EIB backs Zim’s CABS with US$18m facility to support businesses affected by COVID-19

ZIMBABWE – The European Investment Bank (EIB) has unveiled a €15 million (US$18 million) seven-year facility to Zimbabwe’s biggest mortgage lender, CABS, a member of Old Mutual Group, to bail out thousands of firms that have been affected by COVID-19.

The intervention is part of EIB’s strategy to scale up interventions across African markets to build resilience in the region’s companies during the pandemic.

It is part of an approved response strategy unveiled by European Union (EU) finance ministers after the COVID-19 outbreak in 2020.

Speaking at a signing ceremony yesterday, EIB vice-president Thomas Östros said extending bailouts to companies was one of the best ways of addressing the uncertainties that have affected the Zimbabwean market since the outbreak of COVID-19 last year.

“Ensuring access to finance by Zimbabwean entrepreneurs and businesses is essential to overcome business uncertainties and economic challenges enhanced by COVID–19,” he said.

“As part of team Europe, the European Investment Bank is pleased to announce €15 million of the new targeted financing to CABS with the aim to provide liquidity and sustain jobs amid the pandemic, and to strengthen private sector investment and create jobs in the post-pandemic recovery of Zimbabwe,” the EIB boss added.

Under the transaction, CABS will over the next seven years release fresh private sector funding, including  to small-to-medium enterprises.

The funding carries long tenures to give firms room to rebuild and expand their operations.

“Companies and communities across Zimbabwe have been impacted by the COVID-19 pandemic,” CABS managing director Mehluli Mpofu said.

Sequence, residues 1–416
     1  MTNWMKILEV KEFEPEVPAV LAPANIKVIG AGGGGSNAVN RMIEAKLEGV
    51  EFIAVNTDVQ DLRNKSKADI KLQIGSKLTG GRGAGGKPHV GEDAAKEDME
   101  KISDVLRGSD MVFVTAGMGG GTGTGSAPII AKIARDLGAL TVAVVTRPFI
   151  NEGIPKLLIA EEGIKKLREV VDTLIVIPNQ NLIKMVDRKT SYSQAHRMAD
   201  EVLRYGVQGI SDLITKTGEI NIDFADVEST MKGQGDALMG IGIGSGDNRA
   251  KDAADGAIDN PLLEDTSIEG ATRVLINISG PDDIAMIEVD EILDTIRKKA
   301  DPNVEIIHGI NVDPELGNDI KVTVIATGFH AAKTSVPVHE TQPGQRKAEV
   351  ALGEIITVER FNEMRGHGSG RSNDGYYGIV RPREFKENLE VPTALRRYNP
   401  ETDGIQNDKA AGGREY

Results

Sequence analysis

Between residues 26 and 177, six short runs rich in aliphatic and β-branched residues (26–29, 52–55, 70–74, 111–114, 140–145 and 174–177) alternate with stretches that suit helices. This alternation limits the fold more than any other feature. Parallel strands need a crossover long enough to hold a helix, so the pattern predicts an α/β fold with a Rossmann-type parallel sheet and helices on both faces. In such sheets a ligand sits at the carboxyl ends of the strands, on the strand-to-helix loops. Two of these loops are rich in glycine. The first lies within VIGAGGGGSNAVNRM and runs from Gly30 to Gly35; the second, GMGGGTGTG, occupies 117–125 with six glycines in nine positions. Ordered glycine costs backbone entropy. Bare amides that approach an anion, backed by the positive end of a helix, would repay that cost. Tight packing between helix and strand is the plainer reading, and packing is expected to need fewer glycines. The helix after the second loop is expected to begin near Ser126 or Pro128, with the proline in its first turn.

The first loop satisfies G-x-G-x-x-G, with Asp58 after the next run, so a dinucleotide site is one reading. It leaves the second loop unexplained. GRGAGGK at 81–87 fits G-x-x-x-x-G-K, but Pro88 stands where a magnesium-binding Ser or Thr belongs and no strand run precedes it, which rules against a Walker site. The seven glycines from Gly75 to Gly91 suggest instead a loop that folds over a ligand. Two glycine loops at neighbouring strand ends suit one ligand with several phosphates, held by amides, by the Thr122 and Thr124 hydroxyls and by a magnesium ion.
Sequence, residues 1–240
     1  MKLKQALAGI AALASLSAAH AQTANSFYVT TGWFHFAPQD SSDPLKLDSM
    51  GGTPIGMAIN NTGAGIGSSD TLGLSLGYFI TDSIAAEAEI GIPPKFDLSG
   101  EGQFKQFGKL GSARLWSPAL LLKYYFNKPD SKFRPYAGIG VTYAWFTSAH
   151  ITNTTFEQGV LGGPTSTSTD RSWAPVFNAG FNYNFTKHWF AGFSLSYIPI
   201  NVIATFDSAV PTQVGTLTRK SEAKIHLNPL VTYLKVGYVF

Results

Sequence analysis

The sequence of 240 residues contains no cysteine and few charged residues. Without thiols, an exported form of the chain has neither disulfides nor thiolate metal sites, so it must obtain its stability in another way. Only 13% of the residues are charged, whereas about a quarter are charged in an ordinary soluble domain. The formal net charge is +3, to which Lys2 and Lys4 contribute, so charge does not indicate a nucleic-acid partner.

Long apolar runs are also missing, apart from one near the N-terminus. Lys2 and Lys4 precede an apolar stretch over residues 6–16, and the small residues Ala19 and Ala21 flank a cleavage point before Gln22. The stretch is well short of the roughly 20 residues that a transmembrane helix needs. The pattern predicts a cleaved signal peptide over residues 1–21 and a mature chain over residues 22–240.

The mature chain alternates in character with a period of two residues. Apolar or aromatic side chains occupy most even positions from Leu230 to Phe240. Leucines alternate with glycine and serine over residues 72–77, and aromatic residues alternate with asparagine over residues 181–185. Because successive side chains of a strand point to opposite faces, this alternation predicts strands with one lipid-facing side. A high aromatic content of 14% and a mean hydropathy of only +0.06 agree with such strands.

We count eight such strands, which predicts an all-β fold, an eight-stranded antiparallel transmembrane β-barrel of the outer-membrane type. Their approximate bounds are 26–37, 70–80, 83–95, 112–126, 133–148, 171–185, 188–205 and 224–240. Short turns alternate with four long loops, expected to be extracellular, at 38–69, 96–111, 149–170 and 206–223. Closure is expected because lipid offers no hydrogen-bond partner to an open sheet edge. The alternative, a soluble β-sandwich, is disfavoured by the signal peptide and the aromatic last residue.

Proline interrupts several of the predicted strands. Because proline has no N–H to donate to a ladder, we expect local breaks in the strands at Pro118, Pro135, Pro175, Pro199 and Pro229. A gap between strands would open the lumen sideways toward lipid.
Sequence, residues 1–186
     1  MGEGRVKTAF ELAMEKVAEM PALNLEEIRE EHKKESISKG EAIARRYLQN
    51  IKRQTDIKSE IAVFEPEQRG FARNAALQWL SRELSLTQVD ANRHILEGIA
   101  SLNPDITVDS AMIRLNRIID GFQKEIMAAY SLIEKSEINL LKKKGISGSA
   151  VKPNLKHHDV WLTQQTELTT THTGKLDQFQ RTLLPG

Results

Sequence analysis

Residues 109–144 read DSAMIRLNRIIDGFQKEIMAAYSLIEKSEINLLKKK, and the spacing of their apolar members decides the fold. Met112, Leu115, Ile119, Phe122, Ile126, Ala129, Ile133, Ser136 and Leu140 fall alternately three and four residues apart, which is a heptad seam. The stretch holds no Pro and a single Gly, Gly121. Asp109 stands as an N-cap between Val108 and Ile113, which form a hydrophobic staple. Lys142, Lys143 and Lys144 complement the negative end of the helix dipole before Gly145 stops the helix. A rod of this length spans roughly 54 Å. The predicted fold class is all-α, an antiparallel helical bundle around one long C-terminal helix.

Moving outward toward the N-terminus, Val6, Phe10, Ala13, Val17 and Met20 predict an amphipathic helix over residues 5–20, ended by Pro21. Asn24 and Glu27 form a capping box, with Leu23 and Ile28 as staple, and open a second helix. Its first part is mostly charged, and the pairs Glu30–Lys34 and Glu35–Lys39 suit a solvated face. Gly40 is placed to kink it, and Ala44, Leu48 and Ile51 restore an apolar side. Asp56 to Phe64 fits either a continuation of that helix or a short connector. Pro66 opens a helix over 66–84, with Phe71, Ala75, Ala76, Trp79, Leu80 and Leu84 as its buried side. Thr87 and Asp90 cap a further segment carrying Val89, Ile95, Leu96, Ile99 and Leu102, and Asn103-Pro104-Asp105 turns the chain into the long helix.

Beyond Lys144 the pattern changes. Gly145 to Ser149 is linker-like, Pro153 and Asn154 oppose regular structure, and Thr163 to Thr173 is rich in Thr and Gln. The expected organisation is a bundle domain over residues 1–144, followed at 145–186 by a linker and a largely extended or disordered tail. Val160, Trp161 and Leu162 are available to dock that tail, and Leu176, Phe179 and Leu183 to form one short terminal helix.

“CABS is committed to supporting private sector investment in Zimbabwe and enabling corporate, business and agricultural clients to invest for the future and create economic opportunities. The new €15 million European Investment Bank backing for CABS will unlock new private sector financing to be provided by our branches across the country to private sector businesses,” he added.

“The close co-operation between CABS and EIB financial experts over recent months will transform access to longer term loans in foreign currency essential for Zimbabwean businesses to grow during challenging times,” concluded Mpofu.

“Ensuring access to finance by Zimbabwean entrepreneurs and businesses is essential to overcome business uncertainties and economic challenges enhanced by COVID–19”

Thomas Östros – EIB vice-president

He added that this would also ensure that Zimbabwe benefits from the EIB’s rapid response to strengthen economic resilience against COVID-19 across Africa.

EU ambassador to Zimbabwe, Timo Olkkonen said the public sector did not exist in a vacuum, adding that the private sector was also important for economic growth.

“In Zimbabwe, the private sector faces many challenges. I do not need to enumerate all these here. We, indeed, encourage the government of Zimbabwe to address the bottlenecks that the private sector is facing in Zimbabwe and indeed engage in serious reforms which will include also fighting corruption and increasing transparency, promoting robust rule of law and creating a level playing field for businesses to operate.”

The envoy said this would be the best way to encourage both domestic and foreign investment in Zimbabwe.

Some of the challenges facing the private sector include high taxes, corruption, high levels of foreign currency retention by the central bank, high inflation, shortages of foreign currency, bureaucratic red tape and policies hampering the ease of doing business.

In 2020, the government of Zimbabwe unveiled a US$18 billion package to bail out firms affected by the pandemic, but most companies say they are yet to receive the funding.

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